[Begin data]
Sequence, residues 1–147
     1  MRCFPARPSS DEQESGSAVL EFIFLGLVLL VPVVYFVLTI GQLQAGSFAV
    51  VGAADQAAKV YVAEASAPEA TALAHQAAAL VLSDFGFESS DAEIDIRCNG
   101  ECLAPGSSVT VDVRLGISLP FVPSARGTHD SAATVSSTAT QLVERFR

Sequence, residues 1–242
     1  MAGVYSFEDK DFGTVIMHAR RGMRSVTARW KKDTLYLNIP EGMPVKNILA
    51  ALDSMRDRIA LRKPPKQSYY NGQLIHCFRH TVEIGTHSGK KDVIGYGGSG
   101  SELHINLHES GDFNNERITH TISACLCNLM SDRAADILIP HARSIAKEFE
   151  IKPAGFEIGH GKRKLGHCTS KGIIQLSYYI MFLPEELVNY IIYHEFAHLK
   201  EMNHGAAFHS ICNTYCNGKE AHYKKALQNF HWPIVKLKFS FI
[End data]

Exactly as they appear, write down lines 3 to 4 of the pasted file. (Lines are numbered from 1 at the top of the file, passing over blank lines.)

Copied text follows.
    51  VGAADQAAKV YVAEASAPEA TALAHQAAAL VLSDFGFESS DAEIDIRCNG
   101  ECLAPGSSVT VDVRLGISLP FVPSARGTHD SAATVSSTAT QLVERFR